Dickinson College Humanities Program in Norwich

Experiencing Modern Art

September 7, 2010 · 1 Comment

As most of the group made their plans to attend Notting Hill Carnival, I was feeling a little tired of crowds. I like cities, but in moderation, and after about a week in London I did not feel up to spending an afternoon shoulder to shoulder with complete strangers. So I decided to go over to the Tate Modern, which I had been curious about since our arrival.

The Tate was a mixed experience. I enjoy certain modern art, but usually only when it portrays something relatively concrete, and when I can still see the artist’s method.  I love looking at post-impressionist art from the beginning of the twentieth century, but I feel less inspired when it comes to newer “modern” art. So I had trouble connecting with the majority of what the Tate had on display, which fell into a more abstract category.  Still, the museum managed to hold my attention throughout, partially, I think, because of the layout: I never knew what I would find in the next room.

When I was nearly ready to leave the museum, I walked out into the hallway between the exhibits, in which big glass windows overlook a central lobby area.  Visitors were gathered around the windows, looking down at something.  I found an opening between the masses of onlookers, and down through the window myself.  I saw that the floor of an enormous space in the lobby that had been empty earlier in the afternoon was now covered in black and white shapes, arranged like an abstract painting.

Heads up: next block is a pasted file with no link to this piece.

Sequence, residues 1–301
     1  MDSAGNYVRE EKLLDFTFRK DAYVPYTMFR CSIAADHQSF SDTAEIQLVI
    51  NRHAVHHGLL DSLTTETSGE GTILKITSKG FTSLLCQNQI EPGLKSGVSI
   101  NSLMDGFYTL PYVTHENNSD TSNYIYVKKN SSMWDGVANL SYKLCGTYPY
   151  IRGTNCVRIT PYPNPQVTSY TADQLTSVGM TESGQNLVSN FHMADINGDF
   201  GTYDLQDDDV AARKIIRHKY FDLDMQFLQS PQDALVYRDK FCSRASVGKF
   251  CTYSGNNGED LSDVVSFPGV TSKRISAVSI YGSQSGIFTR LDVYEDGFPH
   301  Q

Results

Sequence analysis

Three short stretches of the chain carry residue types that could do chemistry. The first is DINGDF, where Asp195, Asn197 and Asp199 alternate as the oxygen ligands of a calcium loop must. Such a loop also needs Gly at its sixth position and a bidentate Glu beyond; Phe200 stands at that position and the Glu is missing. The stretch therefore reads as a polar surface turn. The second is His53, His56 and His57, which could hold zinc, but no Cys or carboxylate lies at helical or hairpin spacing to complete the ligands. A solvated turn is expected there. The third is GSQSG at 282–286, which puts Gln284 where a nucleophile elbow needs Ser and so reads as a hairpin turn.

I went downstairs and made my way through the crowd to get a better view.  I discovered that the installation was actually an enormous stage for a modern dance performance, and I was lucky enough to find a seat near the perimeter.   Upwards of fifty dancers moved across the stage dressed in black and white, to expertly blended electronic and rock music.  I noticed however that while the dancers who were featured were clearly professionally trained, and mesmerizing to watch (one stood on her head with only one hand on a ballet barre for support while moving her feet through the air perfectly in time to the music), others who moved in large groups performed only simple dance steps.

I later looked up the performance on the Tate Modern’s website to learn more.  I found out that Michael Clark, the choreographer included seventy-five non-dancers in the performance (while also including his dance company- responsible for the acrobatics).  This explained the disparity in skill level within the performance, but I still marvel at how small an impression that disparity made on me at the time.  The parts of the dance that included the non-dancers were beautiful because of the sheer number of individuals moving in unison, so I was able to gloss over (I guess as Clark intended) any roughness in the individual dancers’ movement.

I still question however, why Clark would make the effort to train non-dancers, when more dancers (who I assume he could find) could have performed the same piece with greater grace and fewer rehearsals.  I guess the aims of modern art and explains how the dance performance fits with the Tate Modern’s collection.  Modern art consistently challenges whatever conventions come before.  When we look at works of art in the Tate Modern, we ask ourselves (among other questions like, what’s a black square on a canvas doing in a museum?)  whether the ideas behind them are original.  So following a long tradition of ‘challenging,’ Clark challenged the convention that only highly trained dancers should perform in a large scale, professional level performance.  There’s nothing more modern than that.

Dance Performance (personal photo)

Categories: 2010 Emily · Uncategorized
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1 response so far ↓

  •   Karl // Sep 8th 2010 at 04:42

    You never know what you’ll find in London. Clarke is known for using untrained dancers. It is also a way to show that dance is more accessible

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